All of us live a life composed of moments. One moment follows another, from the moment of birth to the moment of death.
Most of us, given the media coverage of today’s heroes and celebrities, believe we live ordinary lives. We might have the occasional special moment, like getting married, the birth of a child, launching a business venture or retiring after forty years in the workforce, but in the main, we see our lives as routine.
But routine does not necessarily mean ordinary.
Your life is ordinary only if you think it has no meaning. When you come to understand that your life has meaning, there are no ordinary moments. Every moment is a gift from your soul, as it guides you home.
Most of us are living life on cruise control, so we don’t notice what the soul is up to – until it presents us with a moment that really gets our attention.
The soul likes to nudge us towards our purpose, but we are an insensitive or reluctant lot, and sometimes we need more than a gentle nudge to shift our awareness. Sometimes we need a push or a jolt. Sometimes, like St Paul, we need to be thrown off our horse.
Some of us need to be thrown off our horse many times, because we insist on getting back on the same horse.
If we are awake to it, we are all on the hero’s journey.
Be careful here, I’m talking about real heroes, not the pseudo heroes of the sports field or movie fame, but the hero as the person living life authentically.
We all know about the hero’s journey. It’s the basis of many stories and movies. One of the best examples of the conscious use of the hero’s journey, as mapped out by Joseph Campbell in The Hero with a Thousand Faces, is the Star Wars series.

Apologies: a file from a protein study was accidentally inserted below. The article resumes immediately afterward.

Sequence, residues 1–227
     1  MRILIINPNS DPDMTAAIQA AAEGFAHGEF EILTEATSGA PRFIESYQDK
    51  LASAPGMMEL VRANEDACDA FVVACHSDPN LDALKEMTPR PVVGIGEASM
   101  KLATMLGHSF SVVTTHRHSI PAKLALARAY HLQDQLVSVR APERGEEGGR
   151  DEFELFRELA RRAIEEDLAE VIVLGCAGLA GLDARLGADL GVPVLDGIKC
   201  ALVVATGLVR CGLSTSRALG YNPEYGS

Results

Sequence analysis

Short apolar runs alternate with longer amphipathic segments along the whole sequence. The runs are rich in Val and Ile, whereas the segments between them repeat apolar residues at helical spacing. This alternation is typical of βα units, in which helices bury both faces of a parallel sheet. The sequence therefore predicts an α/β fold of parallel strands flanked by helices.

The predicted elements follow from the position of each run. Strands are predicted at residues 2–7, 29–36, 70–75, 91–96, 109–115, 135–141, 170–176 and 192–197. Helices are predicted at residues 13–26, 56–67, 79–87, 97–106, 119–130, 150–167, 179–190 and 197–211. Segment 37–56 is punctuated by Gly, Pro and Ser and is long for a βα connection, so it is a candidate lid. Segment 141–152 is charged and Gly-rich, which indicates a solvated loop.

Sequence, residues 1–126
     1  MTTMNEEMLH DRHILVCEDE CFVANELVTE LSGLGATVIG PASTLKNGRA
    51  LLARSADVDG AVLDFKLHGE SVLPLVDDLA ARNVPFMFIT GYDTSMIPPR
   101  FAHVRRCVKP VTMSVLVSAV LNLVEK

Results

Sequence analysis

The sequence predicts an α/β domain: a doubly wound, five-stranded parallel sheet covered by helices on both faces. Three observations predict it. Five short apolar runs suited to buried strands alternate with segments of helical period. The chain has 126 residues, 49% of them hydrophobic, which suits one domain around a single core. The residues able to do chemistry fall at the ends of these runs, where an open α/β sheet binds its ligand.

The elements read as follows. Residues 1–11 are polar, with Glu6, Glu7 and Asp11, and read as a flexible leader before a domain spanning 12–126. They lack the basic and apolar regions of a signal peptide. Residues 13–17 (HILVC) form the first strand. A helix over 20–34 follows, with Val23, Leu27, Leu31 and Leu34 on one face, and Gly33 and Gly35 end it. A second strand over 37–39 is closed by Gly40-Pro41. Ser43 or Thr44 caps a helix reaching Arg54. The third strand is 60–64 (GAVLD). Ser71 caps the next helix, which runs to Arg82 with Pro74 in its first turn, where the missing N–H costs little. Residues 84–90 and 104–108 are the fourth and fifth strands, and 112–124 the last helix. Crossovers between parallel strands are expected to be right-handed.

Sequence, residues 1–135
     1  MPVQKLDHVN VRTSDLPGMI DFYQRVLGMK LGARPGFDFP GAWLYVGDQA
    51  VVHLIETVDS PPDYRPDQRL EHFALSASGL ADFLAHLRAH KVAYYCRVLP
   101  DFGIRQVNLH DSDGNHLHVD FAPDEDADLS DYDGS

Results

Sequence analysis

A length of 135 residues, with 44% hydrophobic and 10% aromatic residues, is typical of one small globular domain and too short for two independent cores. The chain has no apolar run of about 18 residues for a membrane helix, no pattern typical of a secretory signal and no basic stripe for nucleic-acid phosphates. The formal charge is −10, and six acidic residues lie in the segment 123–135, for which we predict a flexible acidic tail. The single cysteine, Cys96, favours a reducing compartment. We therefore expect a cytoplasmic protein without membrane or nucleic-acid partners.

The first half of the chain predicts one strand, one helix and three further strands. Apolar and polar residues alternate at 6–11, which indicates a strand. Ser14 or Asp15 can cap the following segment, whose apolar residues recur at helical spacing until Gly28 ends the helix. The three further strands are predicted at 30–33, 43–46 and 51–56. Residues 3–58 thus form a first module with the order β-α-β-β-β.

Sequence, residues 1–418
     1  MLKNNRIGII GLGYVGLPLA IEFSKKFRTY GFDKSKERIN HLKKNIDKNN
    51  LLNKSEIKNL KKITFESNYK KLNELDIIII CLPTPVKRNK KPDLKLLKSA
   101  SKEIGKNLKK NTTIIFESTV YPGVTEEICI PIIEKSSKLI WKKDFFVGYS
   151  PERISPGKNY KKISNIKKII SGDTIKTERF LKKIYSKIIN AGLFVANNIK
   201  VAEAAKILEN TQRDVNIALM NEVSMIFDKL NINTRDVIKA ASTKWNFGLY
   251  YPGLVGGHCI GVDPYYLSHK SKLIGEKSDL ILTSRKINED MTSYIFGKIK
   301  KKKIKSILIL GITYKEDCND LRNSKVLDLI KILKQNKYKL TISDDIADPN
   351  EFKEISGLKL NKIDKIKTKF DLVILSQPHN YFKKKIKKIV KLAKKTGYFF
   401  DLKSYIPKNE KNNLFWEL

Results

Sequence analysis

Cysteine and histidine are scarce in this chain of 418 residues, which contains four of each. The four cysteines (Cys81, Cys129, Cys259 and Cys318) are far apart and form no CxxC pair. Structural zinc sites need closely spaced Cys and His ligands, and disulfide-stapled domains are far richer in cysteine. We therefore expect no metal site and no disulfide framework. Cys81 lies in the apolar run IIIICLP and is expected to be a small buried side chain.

If you stay on your horse or within your comfort zone, you can’t start the hero’s journey.
That’s why the soul keeps nudging you, and you feel restless or dissatisfied with your life situation. For some of us, that nudging is enough to start us on the journey – several times.
Eventually, the soul presents us with an experience that we find difficult to ignore – our lover leaves, we lose our job, our business fails, we crash our car, our house is robbed, we get a serious illness or break a leg.
You get the picture, and if you’re awake enough when it happens, you might recognise the experience for what it is: a call to move out of your comfort zone, to get off the particular horse you’re riding at the time and set out on a different path – on a different horse.
Some of us resist the invitation to reflect on our life, to examine what we’ve been doing, to examine the things we believe to be the truth, to question what we’re here for, to take a new direction.
What’s going on in your life right now?
Are you at one of those moments when you’ve fallen from your horse?
I invite you to take a moment and have look, a real look.
Don’t just get back on that horse.
Thanks for dropping by, Peter